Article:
There are a number of tools and techniques to improve on-page SEO, but it’s important to focus on the most essential elements of your web presence, such as your web pages. The number one on-page SEO criteria are proximity. How close are your links to your competitors? By closely answering this question, you can begin to optimize your content for site linking.
To do this, start to use the site: URLs. When you type site: into your Google search engine, you are taken to the website elements tab. Think of this as adding the website domain to your URL. This makes your web pages more searchable, easier for search engines to crawl, and increases the chance your site will be found when users type in website: to search for a specific term, e.g. ‘how to blog like a pro’. Google has made it easier than ever before to add site as a URL because of the ‘Compact and lightweight’ policy. In short, these words mean all URLs below 710 characters are welcomed into Google, meaning you don’t have to worry about SEO old-timer's load time or indecent words entering your search output. Google even allows under 300 characters, so it is possible to add a few useful facts to your web pages without risking a site loading time penalty.
While many people think of SEO as being all about optimizing landing pages, a major difference for website optimization is avoiding SEO noise — the presence of duplicate content and excessive external links that constantly load into search engines using the “One-Sentence-Title” method. It is crucial to determine whether you are going to include links relevant to your page in your content or if you will shorten or omit results that service your page. Treat links as your competition and eliminate any that are low-ranking. Identify major pages with a high amount of internal link equity and then start your optimization efforts there. According to Similar Web, Google ranks your content as follows: 1. Original content 2. Edited, quoted, or otherwise derived information from a credible source 3. Content from 2 authoritative sources 4. Other information based on dynamic formulas 5. Source code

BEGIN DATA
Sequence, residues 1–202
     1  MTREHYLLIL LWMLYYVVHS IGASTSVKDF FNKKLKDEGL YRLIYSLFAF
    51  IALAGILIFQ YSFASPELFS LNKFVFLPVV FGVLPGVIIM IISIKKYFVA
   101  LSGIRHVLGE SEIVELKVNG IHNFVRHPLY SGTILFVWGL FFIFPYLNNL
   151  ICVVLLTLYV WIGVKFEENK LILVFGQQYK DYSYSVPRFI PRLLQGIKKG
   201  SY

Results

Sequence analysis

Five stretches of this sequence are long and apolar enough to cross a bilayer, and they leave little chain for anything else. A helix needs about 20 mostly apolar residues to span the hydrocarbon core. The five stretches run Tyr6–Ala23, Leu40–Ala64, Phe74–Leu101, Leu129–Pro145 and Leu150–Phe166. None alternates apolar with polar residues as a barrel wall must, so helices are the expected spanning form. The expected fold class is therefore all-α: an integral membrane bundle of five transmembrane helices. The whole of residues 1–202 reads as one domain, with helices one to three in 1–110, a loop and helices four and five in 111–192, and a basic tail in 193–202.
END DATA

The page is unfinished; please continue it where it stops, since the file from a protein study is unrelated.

Google considers these same factors when evaluating your URL. However, to consistently put your content in front of searchers you need to make sure you include all the relevant keywords listed in your page’s text. If you do not, it can send your search engine clients and potential partners away by sending traffic away from your page.
Following are several ways to include as many keyword-rich keywords as possible within your text online and avoid potential keyword noise.
Of all the tactics I’ve talked about thus far, I’m going to go back into the basics and take a look at building links to your pages. There are many different ways to do this, but the below will be what is considered most efficient for improving your page’s authority in search engines like Google. Since the speed of a search engine is impossible to observe, many search engine optimization techniques are based on other sources like user reviews. If your page receives lower ratings, people are more likely to look around your page and click on related content — cutting off search engine algorithms from gradually eating away at your ranking. As a result, the value of your page lies in what external links pointed people to your page. These are considered “anchor” links.